Even in the absence of infrastructure or coaching, Dipankar Gupta observes, it’s possible to develop players. “Gavaskar or Wadekar became good not because of coaching, but because they had the talent and the discipline,” he says. So it’s not the quality of coaching that is decisive—talent by itself is decisive. And if a player has the talent and access to even limited infrastructure, he can develop if given opportunities. In other words, access to infrastructure, however ramshackle, is key—and small towns provide precisely that.
The small-town player has developed, and he’s confident and comfortable in his own skin. He’s not bothered by idle chatter. Kapil Dev, 28 years ago, at Lord’s, wore a formal jacket when he received the Prudential trophy. Dhoni is ‘chilled’ enough to receive the World Cup—as he did for the T20 World Cup trophy—in a sleeveless tee. Even metro boy Sachin Tendulkar believes there’s this hunger among players from smaller places (see interview).
Actor Rahul Bose, though, disagrees. “This ‘small town hunger’ myth should be done away with,” he told Outlook. “For every small-town winner, there are nine small-town losers staring at the ceilings of their homes. The hungriest sportspersons in this country have been Tendulkar, Dravid, Vishy Anand, Kumble, Saina Nehwal, Leander Paes, Mahesh Bhupathi. All ‘big town’ products.” He says hunger has more to do with nature, talent, family, immediate influences and socio-politico-cultural factors, than a simplistic solution like geography.
Far corners Even in Siliguri, Bengal, they woke up the night. (Photograph by AFP, From Outlook, April 18, 2011)
What’s certain is that the small-town cricketer possesses certain markers. He may be cool, but he’s also traditional. Dhoni shaved his head the morning after for religious reasons; Raina rushed to Shirdi for thanksgiving. Munaf Patel is a religious man who’s reputed to be free with his money when it comes to the needy. Yusuf Pathan is a serious-minded environmentalist who avoids parties. Yet, like the young generation of a new India, they love to spend, partake of the luxury. Dhoni loves his 23 bikes and fleet of cars, which includes a Hummer. And they are, taking a leaf from the new entrepreneurial India, forging business partnerships and investing their money well—in real estate, restaurants, coaching academies. Says Tharoor, “Dhoni is the small-town boy made good, the son of a Class IV karamchari who now enjoys multi-crore endorsements,” Tharoor says. “He brings the confidence and joy of a self-made man to the cricket field, and the team he leads embodies the same faith in itself.”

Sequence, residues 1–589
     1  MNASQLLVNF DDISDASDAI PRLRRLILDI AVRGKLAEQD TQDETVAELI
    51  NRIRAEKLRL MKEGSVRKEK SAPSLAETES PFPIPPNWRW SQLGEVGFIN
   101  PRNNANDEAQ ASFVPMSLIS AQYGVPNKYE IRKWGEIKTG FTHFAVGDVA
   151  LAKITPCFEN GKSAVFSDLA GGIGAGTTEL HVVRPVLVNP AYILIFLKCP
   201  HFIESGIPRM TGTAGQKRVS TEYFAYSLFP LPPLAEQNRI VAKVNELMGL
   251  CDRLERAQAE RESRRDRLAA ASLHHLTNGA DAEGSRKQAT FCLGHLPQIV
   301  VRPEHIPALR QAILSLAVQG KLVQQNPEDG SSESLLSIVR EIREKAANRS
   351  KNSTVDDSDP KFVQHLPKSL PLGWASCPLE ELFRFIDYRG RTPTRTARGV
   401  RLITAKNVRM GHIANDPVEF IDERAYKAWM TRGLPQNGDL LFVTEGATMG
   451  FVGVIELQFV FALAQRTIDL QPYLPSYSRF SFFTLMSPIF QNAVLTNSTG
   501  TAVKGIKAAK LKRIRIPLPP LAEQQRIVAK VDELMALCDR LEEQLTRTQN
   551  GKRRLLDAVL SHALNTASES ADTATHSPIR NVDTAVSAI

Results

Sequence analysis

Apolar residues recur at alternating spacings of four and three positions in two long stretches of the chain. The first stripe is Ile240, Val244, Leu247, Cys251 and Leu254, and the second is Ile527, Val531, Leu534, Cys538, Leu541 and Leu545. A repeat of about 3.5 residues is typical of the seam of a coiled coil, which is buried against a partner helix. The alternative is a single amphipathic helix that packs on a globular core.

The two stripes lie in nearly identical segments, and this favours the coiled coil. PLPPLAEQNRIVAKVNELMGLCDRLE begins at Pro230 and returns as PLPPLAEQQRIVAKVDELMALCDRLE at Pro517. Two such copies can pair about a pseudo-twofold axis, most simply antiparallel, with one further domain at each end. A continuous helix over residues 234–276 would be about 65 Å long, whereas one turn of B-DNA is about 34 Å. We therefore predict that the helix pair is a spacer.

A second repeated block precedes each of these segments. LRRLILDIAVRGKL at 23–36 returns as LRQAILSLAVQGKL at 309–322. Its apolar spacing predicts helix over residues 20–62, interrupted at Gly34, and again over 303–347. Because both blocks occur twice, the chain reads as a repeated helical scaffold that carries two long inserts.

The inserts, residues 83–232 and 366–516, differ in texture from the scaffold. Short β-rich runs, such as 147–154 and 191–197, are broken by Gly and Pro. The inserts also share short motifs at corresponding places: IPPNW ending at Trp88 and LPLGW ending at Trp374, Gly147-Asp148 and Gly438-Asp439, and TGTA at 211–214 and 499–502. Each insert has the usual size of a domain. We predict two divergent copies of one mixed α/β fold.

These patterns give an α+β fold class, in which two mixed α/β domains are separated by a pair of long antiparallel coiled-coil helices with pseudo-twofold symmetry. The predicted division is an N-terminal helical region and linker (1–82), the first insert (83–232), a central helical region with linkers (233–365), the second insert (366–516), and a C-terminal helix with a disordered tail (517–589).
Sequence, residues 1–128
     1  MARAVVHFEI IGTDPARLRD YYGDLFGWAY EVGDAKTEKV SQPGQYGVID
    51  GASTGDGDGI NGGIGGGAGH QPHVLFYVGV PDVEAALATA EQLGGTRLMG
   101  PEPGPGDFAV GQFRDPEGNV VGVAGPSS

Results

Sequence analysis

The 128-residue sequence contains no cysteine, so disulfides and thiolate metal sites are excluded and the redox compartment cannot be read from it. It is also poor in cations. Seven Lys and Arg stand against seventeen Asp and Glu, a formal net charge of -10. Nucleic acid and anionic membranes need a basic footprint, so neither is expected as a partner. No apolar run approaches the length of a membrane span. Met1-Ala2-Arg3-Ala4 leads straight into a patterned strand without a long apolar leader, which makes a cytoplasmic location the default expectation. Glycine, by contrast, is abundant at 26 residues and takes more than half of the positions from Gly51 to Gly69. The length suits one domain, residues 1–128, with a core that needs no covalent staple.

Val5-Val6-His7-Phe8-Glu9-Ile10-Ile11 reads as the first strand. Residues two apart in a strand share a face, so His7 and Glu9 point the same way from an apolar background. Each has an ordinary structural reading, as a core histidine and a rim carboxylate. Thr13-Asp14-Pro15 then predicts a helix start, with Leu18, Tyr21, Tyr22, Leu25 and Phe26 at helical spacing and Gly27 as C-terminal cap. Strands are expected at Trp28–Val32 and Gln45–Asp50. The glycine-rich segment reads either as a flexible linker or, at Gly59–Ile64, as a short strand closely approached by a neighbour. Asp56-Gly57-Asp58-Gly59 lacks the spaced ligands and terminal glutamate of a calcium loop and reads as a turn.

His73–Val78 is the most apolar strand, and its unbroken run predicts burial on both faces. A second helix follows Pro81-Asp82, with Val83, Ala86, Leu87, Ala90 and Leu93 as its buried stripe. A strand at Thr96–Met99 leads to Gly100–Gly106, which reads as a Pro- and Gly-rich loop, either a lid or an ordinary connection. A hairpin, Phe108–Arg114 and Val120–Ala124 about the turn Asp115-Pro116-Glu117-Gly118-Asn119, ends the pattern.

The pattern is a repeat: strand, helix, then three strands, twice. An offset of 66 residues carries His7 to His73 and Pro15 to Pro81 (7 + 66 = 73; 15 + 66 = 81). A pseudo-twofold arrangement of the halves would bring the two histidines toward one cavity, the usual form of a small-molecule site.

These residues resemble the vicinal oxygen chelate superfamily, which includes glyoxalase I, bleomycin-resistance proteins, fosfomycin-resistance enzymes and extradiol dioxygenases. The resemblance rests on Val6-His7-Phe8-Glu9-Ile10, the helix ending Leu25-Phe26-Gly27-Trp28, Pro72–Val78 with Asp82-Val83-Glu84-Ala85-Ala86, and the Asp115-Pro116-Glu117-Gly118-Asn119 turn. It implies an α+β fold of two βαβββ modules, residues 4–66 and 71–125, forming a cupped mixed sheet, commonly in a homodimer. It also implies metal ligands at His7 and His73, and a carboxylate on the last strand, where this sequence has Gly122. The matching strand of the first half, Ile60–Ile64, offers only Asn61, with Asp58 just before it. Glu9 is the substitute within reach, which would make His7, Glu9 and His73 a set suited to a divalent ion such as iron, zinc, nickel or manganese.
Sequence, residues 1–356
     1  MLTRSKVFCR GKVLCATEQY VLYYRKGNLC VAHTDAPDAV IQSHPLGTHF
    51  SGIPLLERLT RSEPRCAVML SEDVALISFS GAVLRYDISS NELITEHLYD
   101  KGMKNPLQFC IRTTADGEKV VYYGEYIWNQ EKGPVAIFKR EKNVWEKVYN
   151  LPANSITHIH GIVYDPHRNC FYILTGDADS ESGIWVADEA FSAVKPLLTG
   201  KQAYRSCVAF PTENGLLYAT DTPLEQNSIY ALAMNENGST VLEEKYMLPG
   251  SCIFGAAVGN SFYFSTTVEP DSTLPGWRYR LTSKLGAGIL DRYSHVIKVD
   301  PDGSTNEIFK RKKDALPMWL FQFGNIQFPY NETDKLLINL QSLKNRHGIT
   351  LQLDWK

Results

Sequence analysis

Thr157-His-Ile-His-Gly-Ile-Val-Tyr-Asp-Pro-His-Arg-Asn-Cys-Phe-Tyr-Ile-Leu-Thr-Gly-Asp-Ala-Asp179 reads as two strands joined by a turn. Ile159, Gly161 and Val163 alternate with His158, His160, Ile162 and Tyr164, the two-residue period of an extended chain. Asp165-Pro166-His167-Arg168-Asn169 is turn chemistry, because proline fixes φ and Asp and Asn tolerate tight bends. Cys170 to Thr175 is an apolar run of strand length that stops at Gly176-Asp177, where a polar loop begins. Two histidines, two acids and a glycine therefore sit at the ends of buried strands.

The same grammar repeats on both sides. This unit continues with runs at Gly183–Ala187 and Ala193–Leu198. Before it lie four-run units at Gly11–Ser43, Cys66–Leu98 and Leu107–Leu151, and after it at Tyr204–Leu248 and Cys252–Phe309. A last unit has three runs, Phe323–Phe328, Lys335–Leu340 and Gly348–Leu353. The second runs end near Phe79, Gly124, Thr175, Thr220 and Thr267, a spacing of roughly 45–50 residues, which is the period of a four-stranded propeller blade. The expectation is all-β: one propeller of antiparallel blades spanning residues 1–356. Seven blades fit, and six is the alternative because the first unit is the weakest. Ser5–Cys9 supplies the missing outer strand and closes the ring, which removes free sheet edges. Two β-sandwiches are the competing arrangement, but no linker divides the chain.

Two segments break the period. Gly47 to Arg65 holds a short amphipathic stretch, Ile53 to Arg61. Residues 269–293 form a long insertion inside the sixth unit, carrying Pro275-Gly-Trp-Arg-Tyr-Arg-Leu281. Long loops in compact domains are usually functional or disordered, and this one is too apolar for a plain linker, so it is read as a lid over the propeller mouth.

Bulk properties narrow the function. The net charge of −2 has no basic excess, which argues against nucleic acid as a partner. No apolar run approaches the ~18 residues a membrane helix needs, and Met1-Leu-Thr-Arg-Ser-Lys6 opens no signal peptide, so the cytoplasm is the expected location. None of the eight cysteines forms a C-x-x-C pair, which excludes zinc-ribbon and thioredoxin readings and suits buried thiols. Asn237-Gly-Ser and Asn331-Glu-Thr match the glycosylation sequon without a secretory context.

Money helps, but former Indian player Abbas Ali Baig thought it was insensitive and crass of the BCCI to announce Rs 1 crore to each player within minutes of India becoming the world champions. “They are not sensitive about the game,” Baig says. “They throw money at the players and think that’s enough. They don’t know what a cricketer goes through, what his problems are. I’d like cricketers to run the game in the country.”
As would most commoners, who were out on the roads to celebrate the win over Sri Lanka. They choked Marine Drive, Connaught Place, Sector 35, Bankarai and Guindy in different cities—and the same was reflected in small-town India too. Filmmaker Shyam Benegal was reminded of the 2005 rugby World Cup in South Africa, which saw Nelson Mandela uniting the black and white populace through this white man’s sport. “You have the whole of Maharashtra cheering for a team with players from all corners of India and headed by a boy from Ranchi,” notes filmmaker Sudhir Mishra. “It was all about bringing cheer in what are pretty gloomy times. It was about a nation’s pride and an affirmation of itself. I haven’t seen such spontaneous outpouring, people coming out together on the streets, since 1977 the time of the JP movement.”
In the aftermath of the win and the street celebrations, that led up to Anna Hazare’s fast-to-death over a bill against corruption, a wave of hope swept the country. It seems the country feels it could do with a new, strong leader.
But that’s a task that Dhoni can’t handle, at least for now. He’s handling people’s expectations over cricket, and he’s doing alright. “I don’t think it’s pressure—I take pressure and hand it to my players,” he told Outlook. “The expectations of the people isn’t pressure for me. I treat that as support.” Unlike our other leaders, Dhoni has lived up to India’s expectations, and that too in his first World Cup as captain.
Manor And Manner
The Men in Blue and some of their favourite things
Grade A (Rs 1 crore)
Grade B (Rs 50 lakh)
Grade C (Rs 25 lakh)
By Rohit Mahajan in Mumbai and Delhi with inputs from Namrata Joshi